I noticed that Google Maps recently updated their overhead imagery of Marshall Space Flight Center, showing the post-demolition condition of the F-1 Engine Test Stand at Marshall Space Flight Center, so I took a break from the tedium of replacing links and both updated my original F-1 Engine Test Stand photo set and posted a set of post-demolition photos of the remains.

I also split out the photos I took in July 2012 of the F-1 Engine Test Stand in the midst of its demolition. Shortly after that visit, the demolition crew removed the F-1 Engine Test Stand LOX tank; I received some photos and a video of this operation, and so put up a page.

Yes, I've branched out into video, and there's now a heroicrelics YouTube channel (with one whole video currently in it!). I personally shoot very little video (close to none at all), but I do have a number of videos I've received, and will likely upload several of them at some point in the future.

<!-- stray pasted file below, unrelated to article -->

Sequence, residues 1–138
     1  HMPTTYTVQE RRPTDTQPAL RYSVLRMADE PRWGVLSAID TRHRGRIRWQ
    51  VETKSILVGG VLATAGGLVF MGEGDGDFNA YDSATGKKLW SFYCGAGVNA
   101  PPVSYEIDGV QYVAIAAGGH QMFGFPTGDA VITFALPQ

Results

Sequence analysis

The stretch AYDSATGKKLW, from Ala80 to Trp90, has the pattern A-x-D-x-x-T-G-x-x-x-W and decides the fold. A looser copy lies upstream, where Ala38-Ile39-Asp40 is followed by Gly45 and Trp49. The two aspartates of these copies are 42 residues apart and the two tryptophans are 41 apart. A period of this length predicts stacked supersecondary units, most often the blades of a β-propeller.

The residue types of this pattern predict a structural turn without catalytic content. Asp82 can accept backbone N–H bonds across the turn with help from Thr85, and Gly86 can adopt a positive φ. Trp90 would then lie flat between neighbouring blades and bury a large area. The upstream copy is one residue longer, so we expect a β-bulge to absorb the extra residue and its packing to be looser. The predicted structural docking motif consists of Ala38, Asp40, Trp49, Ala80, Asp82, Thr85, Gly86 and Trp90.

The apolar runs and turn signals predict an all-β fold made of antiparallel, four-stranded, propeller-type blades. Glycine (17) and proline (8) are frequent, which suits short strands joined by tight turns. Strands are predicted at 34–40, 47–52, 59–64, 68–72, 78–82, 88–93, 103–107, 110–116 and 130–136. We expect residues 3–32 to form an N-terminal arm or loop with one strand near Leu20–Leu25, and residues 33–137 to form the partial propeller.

April 14, 2014:

Now that I'm settled in on my new server, I can return my attention to actually posting aerospace photos!

Today I uploaded a bunch of photos of the F-1 rocket engines installed on the Saturn V S-IC stage at the U.S. Space & Rocket Center. Two of these engines are especially interesting, as they are sufficiently old to have the twin-elbow LOX dome inlets, and I was able to get photos of these vintage inlets.


April 11, 2014 (Update #2):

The site is all installed on the new server, and several different ISPs are now showing the new IP address, although incoming email seems to be spotty. As of 3:00 pm CDT, it's only been a couple of hours, so I guess that isn't too unexpected.

heroicrelics will remain on the old server for at least a couple of days yet, so that it should be accessible if your DNS is a bit on the slow side (I understand that it may take up to 48 hours for things to propagate overseas).


April 11, 2014:

Moving the site to a new server; there may be connection problems while the DNS servers propagate the new IP address.


April 5, 2014:

After spending a week and a half cleaning up my Website, I was looking for a small update, just to get some new material up on the site (site motto: "There's no such thing as a small update"); while I thought I had found such an update, I was woefully mistaken.

I started off writing a page about the history of the ASTP display at the National Air & Space Museum, including its appearance at the 1973 Paris Air Show and the Kennedy Space Center Vehicle Assembly Building. Before I was done with that, I had uploaded the following photo sets: